Weekend Rails

what we do for our kids

Of studs and LEDs

29th October 2017

The 'hit count' on this blog has been well up for the last couple of weeks – I gather it has had plugs on NatPres and something called Facebook (I'm not one for social media, but then a decade ago I'd never have thought of doing a weekly blog) so firstly a welcome to all new readers and I hope you'll hang around. It can get lonely here on my own.

So, back on Monday Andrew and I got down to the shed in the evening and I made further progress on the lights, and by the end of the evening (which in this case was about 10.30pm, and grandson was still awake as he wouldn't go to bed until Daddy was back) all the lights in RowC bar one were up and some additional painting carried out with that double whipped cream. On Tuesday we got down again, the last light was mounted and the SWA cable that comes down the wall from it was hooked up.

On Wednesday afternoon I got in for a time, determined to get Row C connected back before I ran out of daylight. Andrew had the day off and was out with grandson. The SWA was not long enough to reach back to the connector box at the junction for the middle row of lights (B), so I mounted up a new one on the other column and completed the connection in the usual SY. At about a quarter to five I received a call from Andrew to say that tea was at five and as I had about another half-hour of work I rushed to get finished. It was time for the test at about 5.15 and I ceremonially removed the tape that had prevented the two relevant switches from operating and flicked the one to turn on the 100W LEDs of Row C.

Nothing. That was somewhat of a disappointment. I pressed the other switch though and hey presto, on came all four 50W LEDs - and one of the 100W'ers. I went home a little confused. I could easily account for a 100W LED coming on if it had been wired across 2 and 4 rather than 1 and 3 (our Hon Electrical Consultant having insisted on separate Neutrals) but why hadn't the other 3 worked? At least nothing had gone Flash! Bang!

Most of our evening work has been directed towards serious tidying and general preparation aimed at getting the remaining workshop floor sealed and painted. Although I was quite prepared to carry on sucking up the loose dust with our previously acquired vacuum cleaner(s), Andrew has been advocating a 'proper' industrial one which at first we were going to hire, but now he decided we should purchase, arguing that it would be more capable of coping with the dust (the existing vacuum cleaner clogs its filter quite rapidly) and that the attachments will save me going around on my knees. (Though with my eyesight I may still go round at that level merely to check I haven't missed anywhere!) Thus we ordered one off an ebay supplier this week, and I was hoping it would arrive by Friday, but the tracking system so far can't decide if it is in transit or hasn't yet been collected from the supplier. Anyway, it may not yet be that obvious to the casual visitor but things are getting straightened out slowly, but part of that is moving all the clutter that is on the floor that needs treating, which includes all the Matterson posts etc., so chaos will apparently reign for the moment.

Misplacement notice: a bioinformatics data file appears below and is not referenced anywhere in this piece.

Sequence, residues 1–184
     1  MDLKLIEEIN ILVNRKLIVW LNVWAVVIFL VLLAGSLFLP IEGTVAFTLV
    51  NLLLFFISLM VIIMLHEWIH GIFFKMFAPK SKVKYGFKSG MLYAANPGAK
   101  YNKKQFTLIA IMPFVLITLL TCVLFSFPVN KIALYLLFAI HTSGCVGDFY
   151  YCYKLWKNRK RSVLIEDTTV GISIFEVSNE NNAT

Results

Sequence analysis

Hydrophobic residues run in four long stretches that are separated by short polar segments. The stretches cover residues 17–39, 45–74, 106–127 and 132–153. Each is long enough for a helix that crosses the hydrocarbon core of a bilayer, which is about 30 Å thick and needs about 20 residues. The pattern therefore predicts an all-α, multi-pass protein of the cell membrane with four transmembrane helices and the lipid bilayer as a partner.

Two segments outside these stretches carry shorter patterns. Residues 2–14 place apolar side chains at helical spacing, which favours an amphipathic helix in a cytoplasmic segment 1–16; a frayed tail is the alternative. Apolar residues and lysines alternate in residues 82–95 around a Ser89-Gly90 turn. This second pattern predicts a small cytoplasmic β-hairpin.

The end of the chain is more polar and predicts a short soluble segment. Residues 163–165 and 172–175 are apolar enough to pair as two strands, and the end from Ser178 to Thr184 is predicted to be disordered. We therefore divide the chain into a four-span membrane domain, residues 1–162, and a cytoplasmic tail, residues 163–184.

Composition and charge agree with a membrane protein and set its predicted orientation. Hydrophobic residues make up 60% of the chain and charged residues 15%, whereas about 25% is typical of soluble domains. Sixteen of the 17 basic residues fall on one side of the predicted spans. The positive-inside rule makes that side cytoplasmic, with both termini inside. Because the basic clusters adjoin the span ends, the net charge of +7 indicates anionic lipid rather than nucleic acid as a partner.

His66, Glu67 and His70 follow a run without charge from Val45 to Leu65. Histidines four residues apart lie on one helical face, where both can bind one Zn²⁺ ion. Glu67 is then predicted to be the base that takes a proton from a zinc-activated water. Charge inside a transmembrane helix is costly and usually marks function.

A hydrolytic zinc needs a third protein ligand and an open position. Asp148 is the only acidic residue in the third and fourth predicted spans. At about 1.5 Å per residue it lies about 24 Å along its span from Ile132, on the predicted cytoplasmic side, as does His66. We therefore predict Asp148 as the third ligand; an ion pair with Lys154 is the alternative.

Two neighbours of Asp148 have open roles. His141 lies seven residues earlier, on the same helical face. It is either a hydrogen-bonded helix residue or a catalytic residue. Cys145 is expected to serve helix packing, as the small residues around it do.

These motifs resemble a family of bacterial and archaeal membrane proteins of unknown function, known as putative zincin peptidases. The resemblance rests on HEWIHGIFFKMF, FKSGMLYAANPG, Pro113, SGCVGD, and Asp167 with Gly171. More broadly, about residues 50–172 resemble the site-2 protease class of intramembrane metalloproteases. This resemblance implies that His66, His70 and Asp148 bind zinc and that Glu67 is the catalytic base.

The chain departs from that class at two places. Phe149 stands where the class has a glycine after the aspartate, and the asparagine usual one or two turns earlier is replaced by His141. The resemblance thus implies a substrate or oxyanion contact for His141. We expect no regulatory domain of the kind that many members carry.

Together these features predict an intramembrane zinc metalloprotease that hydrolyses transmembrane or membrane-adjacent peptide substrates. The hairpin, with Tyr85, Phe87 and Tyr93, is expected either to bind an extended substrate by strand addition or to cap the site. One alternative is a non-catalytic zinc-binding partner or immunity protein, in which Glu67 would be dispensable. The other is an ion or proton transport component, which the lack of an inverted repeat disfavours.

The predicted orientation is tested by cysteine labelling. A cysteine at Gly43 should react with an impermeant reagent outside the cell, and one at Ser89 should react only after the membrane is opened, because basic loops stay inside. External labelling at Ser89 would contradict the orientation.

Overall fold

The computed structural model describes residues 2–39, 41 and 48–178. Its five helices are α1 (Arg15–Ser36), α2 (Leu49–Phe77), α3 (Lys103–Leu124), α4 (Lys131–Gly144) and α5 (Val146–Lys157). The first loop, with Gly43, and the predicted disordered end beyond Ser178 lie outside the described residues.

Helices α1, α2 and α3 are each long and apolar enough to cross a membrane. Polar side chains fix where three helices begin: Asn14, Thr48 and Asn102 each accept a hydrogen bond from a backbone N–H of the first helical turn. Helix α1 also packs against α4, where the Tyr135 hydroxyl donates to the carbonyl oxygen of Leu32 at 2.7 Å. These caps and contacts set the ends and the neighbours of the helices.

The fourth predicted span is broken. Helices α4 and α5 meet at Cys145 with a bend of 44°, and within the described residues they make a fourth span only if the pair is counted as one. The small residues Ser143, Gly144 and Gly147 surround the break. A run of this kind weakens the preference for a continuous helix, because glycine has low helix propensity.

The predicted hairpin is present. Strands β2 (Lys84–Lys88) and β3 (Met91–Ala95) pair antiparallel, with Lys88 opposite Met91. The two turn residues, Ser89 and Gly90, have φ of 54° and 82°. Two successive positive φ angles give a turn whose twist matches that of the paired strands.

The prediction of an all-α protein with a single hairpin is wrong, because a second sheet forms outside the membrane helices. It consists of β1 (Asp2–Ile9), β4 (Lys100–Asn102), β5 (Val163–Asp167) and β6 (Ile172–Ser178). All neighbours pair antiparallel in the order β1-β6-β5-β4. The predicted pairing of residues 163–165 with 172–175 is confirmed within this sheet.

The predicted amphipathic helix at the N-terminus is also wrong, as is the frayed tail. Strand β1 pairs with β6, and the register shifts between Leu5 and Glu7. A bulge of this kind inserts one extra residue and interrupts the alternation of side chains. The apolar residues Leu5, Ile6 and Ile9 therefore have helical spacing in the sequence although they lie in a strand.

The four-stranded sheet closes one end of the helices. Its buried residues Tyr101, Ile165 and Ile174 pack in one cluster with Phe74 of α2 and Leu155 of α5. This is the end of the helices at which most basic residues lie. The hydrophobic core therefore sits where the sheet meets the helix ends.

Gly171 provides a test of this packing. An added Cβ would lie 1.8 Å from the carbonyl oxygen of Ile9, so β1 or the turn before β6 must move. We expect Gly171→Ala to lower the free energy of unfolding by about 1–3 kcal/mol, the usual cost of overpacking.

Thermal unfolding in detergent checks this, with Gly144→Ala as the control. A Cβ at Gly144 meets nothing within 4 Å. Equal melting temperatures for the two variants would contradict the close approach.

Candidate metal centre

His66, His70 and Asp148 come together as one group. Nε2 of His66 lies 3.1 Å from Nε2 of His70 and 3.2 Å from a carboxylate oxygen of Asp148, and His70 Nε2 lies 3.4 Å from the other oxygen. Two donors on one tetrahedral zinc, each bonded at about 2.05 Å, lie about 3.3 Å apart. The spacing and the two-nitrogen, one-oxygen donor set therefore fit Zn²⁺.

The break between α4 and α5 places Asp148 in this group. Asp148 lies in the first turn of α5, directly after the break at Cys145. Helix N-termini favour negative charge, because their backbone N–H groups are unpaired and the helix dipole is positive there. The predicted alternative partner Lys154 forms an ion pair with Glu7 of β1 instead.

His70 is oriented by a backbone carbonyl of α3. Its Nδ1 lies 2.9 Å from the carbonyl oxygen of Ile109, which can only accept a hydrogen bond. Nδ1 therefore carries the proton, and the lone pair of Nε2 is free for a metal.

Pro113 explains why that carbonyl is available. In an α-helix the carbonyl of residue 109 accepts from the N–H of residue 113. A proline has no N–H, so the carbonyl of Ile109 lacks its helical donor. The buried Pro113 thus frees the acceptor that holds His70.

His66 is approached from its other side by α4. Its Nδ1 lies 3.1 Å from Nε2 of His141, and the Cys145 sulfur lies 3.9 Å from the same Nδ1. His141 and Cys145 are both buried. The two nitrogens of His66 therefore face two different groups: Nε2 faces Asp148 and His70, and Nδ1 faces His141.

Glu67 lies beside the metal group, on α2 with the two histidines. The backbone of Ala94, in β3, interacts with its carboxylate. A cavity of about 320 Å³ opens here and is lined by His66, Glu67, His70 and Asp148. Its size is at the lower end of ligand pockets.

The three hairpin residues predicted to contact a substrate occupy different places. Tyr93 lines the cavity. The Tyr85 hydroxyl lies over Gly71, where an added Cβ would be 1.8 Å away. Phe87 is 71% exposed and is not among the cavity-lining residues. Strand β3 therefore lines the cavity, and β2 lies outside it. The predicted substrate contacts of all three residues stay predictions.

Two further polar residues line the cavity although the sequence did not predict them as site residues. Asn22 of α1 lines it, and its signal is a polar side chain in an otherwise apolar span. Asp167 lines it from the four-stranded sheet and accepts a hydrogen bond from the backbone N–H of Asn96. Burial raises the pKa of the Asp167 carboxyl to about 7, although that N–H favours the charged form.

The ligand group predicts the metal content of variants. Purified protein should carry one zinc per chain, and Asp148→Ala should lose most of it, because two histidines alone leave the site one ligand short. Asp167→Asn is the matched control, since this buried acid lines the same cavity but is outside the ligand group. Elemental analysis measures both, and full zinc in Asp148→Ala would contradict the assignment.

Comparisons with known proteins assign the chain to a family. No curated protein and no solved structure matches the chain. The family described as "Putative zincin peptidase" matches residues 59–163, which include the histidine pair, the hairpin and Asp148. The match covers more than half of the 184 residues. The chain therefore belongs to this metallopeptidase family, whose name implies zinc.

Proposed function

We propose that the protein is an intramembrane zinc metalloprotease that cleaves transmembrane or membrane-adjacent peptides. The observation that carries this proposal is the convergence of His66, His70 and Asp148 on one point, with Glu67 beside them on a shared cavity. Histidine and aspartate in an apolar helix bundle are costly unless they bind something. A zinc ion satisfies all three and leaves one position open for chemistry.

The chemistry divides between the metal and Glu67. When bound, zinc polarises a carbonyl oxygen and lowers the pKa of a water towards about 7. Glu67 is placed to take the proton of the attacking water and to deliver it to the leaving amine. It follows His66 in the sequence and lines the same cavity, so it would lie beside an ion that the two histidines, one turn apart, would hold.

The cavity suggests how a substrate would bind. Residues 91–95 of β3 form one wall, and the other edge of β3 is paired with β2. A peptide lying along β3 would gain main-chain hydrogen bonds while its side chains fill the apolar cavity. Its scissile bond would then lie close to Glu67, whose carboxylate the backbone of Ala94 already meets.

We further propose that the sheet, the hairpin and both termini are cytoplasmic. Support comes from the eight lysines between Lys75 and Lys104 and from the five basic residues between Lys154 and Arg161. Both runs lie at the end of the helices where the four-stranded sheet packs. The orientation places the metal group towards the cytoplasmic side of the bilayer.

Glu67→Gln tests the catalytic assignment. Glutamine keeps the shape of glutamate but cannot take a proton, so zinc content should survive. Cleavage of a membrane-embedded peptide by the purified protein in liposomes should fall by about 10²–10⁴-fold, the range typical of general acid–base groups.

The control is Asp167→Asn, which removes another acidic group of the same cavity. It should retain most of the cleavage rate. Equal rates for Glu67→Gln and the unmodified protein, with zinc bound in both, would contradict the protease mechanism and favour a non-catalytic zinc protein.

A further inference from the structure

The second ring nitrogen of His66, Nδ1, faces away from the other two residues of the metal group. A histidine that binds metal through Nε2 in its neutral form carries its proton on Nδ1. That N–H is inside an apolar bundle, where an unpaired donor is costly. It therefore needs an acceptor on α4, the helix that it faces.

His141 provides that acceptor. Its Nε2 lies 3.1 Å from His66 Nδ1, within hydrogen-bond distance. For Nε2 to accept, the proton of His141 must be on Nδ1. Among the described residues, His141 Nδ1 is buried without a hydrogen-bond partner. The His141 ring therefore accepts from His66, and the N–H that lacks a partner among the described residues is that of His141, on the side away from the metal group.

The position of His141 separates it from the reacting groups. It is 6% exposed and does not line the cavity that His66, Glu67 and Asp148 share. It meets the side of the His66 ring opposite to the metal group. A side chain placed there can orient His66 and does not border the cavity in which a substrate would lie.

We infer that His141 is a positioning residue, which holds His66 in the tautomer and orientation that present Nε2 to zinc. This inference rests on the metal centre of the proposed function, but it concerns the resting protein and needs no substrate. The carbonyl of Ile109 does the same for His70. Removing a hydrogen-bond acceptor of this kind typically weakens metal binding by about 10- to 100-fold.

Anyway, back to the lights. Some time on Friday I made a quick foray on the Terrypicker and corrected the 100W LED which was indeed connected across the 50W circuit, then started tracing the fault on the 100W side. It was at first all the more mysterious in that when I had checked the 100W side with the 50's on, my meter showed about 28volts present. In the end the answer was not so peculiar. In my rush to get it connected and get home for tea while it was still warm, I had tightened the nut on the terminal in the junction box (where Row B and Row C separated) very tightly: it was just that the crimp on the end of the wire was about an inch away from the stud at the time. I blame the rush and the failing daylight. Put the wire on the stud and on came the 100Ws just as they should. (The 28Volts? Oh that was induction from adjacent cables.)